This is how Chapter 3 of Odd and the Frost Giants begins...
Odd had imagined that the side of salmon would feed him for a week or more. But bears and foxes and eagles all, he discovered, eat salmon, and feeding them was the least he could do to thank them for seeing him home. They ate until the fish was all gone, but only Odd and the eagle seemed satisfied with their portions. The fox and the bear both looked like they were still hungry.
“We'll find more food tomorrow,” said Odd. “Sleep now.”
The animals stared at him. He walked over to the straw mattress, and climbed onto it. It didn't smell like his father at all, he realised, as he sat down on it, as he placed the crutch carefully against the wall, to pull himself up when he woke. It just smelled like straw. Odd closed his eyes, and he was asleep.
Dreams of darkness, of flashes, of moments, nothing he could hold onto, nothing that comforted him. And then into the dream a booming gloomy voice that said,
“It wasn't my fault.”
And a higher voice, bitterly amused, that said, “Oh, right. I told you not to go pushing that tree down. You just didn't listen.”
“I was hungry. I could smell the honey. You don't know what it was like, smelling that honey. It was better than mead. Better than roasted goose.” And then, the gloomy voice, so bass it made Odd's stomach vibrate, changed its tone. “And you, of all people, don't need to go blaming people. It's because of you we're in this mess.”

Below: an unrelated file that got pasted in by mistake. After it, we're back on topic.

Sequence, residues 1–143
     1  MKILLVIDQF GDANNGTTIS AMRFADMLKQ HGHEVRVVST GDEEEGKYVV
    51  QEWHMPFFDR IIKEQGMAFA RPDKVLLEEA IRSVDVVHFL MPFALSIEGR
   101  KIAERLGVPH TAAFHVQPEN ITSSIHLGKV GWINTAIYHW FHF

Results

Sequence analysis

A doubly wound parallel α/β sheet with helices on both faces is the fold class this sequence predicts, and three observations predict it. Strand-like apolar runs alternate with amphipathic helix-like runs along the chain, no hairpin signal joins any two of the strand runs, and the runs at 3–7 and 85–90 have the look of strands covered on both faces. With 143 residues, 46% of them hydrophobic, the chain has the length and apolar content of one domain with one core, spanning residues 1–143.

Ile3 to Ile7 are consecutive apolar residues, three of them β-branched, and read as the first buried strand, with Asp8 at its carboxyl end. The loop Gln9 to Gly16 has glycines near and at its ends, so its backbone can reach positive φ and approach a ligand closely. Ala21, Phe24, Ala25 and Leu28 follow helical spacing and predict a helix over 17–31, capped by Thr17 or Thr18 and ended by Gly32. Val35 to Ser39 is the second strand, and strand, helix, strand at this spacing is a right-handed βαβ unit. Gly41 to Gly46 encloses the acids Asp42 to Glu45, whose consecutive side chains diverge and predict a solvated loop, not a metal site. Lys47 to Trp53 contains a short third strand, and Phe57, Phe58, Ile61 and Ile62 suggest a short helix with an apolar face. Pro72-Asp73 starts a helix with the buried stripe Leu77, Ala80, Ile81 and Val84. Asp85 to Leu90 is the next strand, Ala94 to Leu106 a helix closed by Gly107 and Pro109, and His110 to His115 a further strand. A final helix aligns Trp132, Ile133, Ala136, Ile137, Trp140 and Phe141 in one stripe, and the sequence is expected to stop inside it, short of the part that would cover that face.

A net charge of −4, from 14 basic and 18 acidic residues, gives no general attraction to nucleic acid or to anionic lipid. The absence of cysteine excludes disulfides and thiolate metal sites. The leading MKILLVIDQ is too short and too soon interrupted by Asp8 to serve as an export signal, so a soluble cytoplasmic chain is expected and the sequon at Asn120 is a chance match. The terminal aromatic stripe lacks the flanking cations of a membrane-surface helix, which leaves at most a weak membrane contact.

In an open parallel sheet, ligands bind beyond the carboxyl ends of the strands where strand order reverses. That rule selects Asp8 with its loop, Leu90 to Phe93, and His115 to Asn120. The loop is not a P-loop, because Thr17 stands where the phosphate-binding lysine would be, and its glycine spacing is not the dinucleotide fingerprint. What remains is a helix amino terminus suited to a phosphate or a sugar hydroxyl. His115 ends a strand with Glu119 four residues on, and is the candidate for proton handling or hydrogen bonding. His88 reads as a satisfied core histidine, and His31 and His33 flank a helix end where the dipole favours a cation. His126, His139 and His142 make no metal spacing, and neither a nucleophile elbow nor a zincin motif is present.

“I thought we had a deal. I thought we weren't going to keep harping on about a trivial little mistake...”
“You call this trivial?”
And then a third voice, high and raw, which screeched, “Silence.”
There was silence. Odd rolled over. There was a glow from the fire-embers, enough to see the inside of the hut, enough to confirm to Odd that there were not another three people in there with him. It was just him and the fox and the bear and the eagle...
I wonder if they eat people, thought Odd. Whatever they are.
He sat up in the bed, leaned against the wall. The bear and the eagle both ignored him. The fox darted him a green-eyed glance.
“You were talking,” said Odd.
The animals looked at Odd and at each other. If they did not actually say “Who? Us?” it was there in their expressions, in the way they held themselves.
“Somebody was talking,” said Odd. “And it wasn't me. There isn't anyone else in here. That means it was you lot. And there's no point in arguing.”
“We weren't arguing,” said the bear. “Because we can't talk.” Then it said, “Oops.”
The fox and the eagle glared at the bear, who put a paw over his eyes and looked ashamed of himself.
Odd sighed. “Which one of you wants to explain what's going on?” he said.
“Nothing,” said the fox, brightly. “Just a few talking animals. Nothing to worry about. Happens every day. We'll be out of your hair first thing in the morning.”
The eagle fixed Odd with its one good eye. Then it turned to the fox. “Tell!”